Wednesday - all day as my mother would say - and a cold, miserable, wintry one at that. I have had a busy morning - first of all emptying the washing machine which my carer left on and putting the stuff into the tumble drier and then my Tesco order came. The staff who bring it are always, without exception, such nice friendly men (or once a woman). They push the liners into the kitchen from the garage so that I can empty them bit by bit by using my trolley. I have finished that now and needed a rest before eating my delicious-looking chicken salad she has left me, hence an early posting which might well be extended later in the day.
A few days ago I spoke of Graham Swift's 'Mothering Sunday' and how much my Book Group had enjoyed it. I spoke of the trial over the content of DH Lawerence's 'Lady Chatterley' and said it was in the twenties. Itwas in fact only in the sixties. I was astonished - that means that I was in my thirties when it took place. The article also spoke of Philip Larkin - in my view one of the best poets of the twentieth century. Larkin thought Lawrence 'The greatest writer of the century'. He said Lawrence was 'flexible, vivid, tender and sharp and that he had more genius than any man could be expected to handle'. Whatever your views on Larkin or Lawrence for that matter - one thing is certain - Lawrence opened the floodgates and we have come an awful long way since then. Wouldn't you agree?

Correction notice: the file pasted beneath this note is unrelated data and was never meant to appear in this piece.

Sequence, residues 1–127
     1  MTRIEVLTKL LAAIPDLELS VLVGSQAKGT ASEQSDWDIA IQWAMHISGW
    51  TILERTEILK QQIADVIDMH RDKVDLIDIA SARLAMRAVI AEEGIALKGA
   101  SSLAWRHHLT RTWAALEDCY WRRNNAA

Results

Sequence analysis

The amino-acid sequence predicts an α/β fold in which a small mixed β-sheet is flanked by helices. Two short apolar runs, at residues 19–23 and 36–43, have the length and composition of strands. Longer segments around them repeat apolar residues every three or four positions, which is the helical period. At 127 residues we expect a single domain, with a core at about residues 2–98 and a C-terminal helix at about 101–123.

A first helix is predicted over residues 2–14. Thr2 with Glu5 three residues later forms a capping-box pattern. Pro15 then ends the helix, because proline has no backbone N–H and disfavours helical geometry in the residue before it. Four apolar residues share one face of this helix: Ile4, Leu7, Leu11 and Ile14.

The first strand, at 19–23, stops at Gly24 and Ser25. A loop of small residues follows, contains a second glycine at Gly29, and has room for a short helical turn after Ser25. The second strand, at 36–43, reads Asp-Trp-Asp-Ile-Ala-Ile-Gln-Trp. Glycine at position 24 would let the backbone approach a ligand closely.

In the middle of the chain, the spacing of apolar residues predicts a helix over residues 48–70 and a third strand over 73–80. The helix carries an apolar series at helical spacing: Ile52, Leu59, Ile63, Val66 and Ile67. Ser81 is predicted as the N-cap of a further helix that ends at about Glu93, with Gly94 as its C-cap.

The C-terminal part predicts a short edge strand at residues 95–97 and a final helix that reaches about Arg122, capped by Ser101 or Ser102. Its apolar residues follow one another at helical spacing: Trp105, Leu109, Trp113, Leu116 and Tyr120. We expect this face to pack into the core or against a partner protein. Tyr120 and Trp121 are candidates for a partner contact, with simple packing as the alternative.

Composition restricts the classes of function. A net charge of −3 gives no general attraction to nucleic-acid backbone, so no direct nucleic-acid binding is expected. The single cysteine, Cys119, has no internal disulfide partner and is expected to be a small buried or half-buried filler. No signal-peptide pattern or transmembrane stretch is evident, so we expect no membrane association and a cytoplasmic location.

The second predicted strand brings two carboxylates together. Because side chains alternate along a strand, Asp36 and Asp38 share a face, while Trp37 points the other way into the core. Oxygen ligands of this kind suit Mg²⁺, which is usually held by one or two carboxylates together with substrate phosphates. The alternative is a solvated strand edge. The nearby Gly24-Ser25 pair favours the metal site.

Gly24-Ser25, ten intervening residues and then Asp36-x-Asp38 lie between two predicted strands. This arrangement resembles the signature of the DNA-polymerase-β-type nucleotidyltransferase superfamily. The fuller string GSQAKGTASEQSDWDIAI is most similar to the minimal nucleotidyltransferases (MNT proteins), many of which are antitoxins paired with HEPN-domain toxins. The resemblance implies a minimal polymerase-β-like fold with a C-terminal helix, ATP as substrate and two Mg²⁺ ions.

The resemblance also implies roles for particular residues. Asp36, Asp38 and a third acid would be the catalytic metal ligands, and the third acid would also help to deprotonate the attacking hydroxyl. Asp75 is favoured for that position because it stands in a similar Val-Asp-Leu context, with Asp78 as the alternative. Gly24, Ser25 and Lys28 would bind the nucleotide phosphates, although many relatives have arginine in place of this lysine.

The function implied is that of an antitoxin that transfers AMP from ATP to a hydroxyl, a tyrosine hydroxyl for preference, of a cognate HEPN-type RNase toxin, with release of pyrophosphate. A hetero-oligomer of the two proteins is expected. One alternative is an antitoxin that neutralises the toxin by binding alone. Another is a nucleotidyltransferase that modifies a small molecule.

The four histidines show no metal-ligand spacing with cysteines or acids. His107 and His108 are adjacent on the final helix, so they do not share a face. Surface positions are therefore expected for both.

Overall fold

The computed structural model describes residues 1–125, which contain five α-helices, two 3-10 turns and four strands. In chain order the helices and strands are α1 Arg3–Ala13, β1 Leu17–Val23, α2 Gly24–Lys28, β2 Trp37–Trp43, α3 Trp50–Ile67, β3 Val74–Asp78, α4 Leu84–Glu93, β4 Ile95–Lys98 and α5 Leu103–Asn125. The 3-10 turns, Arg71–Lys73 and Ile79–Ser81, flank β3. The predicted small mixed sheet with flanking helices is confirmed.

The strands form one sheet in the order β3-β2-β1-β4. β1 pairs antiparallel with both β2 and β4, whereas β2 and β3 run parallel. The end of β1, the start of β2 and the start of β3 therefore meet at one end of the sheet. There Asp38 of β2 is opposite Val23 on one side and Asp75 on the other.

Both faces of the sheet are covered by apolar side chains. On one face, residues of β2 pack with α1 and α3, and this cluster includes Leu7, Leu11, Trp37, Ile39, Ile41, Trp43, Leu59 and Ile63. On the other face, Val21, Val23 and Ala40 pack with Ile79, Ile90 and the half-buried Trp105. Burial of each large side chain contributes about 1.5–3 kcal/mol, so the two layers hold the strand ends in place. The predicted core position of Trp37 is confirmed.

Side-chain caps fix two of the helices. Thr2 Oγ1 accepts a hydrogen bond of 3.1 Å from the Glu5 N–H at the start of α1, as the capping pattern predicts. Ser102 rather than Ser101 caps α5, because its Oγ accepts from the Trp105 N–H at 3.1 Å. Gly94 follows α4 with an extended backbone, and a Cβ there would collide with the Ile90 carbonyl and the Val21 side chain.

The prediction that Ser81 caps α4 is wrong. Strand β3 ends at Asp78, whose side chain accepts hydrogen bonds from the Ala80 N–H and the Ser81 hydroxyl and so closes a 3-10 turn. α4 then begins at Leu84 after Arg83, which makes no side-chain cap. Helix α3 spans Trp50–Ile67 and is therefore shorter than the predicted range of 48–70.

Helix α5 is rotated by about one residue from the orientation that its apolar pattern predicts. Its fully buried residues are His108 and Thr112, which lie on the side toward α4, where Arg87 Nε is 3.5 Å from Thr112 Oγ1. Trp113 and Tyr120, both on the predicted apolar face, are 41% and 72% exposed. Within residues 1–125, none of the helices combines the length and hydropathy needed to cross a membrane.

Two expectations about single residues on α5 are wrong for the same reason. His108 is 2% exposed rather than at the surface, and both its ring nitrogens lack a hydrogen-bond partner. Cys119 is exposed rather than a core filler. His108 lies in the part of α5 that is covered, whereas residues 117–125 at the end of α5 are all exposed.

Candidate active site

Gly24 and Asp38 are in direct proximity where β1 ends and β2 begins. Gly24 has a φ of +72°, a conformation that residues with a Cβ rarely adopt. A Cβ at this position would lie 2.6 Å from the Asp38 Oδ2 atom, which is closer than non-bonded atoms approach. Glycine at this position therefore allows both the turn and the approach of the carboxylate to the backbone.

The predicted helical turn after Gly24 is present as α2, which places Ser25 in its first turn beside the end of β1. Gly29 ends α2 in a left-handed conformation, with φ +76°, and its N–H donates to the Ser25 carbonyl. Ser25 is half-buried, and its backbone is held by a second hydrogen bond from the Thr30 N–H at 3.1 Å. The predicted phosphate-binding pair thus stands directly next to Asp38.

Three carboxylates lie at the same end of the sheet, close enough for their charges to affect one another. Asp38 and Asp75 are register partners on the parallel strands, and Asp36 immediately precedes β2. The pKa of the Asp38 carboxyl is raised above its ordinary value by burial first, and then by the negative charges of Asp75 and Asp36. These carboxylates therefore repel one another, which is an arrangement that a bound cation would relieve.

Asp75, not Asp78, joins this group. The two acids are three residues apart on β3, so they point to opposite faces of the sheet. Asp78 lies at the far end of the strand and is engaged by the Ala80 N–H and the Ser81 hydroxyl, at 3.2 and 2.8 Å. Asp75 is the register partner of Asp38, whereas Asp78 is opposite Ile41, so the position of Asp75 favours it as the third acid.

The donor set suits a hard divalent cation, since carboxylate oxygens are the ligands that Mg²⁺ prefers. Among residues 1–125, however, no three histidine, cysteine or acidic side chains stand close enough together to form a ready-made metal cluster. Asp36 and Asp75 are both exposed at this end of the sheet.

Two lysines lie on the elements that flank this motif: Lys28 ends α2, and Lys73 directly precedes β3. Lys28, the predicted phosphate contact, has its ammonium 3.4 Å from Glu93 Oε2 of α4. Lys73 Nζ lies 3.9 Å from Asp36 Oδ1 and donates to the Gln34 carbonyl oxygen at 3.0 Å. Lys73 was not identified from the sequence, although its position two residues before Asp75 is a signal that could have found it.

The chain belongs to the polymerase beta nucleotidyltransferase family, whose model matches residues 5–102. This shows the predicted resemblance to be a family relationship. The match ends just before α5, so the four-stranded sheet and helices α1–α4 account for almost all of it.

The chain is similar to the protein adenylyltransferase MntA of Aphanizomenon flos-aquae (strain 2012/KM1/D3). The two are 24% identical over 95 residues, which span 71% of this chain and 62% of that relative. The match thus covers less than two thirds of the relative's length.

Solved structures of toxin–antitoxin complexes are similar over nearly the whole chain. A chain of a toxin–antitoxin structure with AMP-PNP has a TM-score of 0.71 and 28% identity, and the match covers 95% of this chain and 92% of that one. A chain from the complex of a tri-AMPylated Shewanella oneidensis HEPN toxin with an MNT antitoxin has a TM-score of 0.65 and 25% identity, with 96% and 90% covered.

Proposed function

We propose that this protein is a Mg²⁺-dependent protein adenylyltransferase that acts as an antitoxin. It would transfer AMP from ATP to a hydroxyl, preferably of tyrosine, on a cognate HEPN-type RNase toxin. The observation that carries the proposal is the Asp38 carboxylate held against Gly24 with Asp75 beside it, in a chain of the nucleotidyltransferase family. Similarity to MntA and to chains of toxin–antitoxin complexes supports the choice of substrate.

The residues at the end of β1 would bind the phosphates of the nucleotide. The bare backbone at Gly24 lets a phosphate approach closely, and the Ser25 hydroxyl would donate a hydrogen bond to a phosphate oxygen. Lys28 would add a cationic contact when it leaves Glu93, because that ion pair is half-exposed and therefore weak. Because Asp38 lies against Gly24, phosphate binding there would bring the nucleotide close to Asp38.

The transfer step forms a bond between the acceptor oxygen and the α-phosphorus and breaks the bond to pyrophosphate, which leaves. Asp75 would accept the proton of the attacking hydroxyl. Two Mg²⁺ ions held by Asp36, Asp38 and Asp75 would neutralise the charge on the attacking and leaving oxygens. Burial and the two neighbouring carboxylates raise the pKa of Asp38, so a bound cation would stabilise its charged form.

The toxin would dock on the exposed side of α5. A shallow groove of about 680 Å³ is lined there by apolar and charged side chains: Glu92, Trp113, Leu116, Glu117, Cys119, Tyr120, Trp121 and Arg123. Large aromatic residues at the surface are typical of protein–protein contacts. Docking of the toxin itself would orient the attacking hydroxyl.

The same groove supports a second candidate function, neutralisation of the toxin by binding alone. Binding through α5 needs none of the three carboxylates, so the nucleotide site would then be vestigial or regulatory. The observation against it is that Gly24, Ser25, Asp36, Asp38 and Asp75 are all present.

It is now mid afternoon. I have just had an e mail from my neighour. In 'normal' times we would be having a cup of tea and catching up on news but of course these are still not normal times are they? I just switched on to look at The News - all Budget of course and more or less gobbledegook to me so I switched off again. See you tomorrow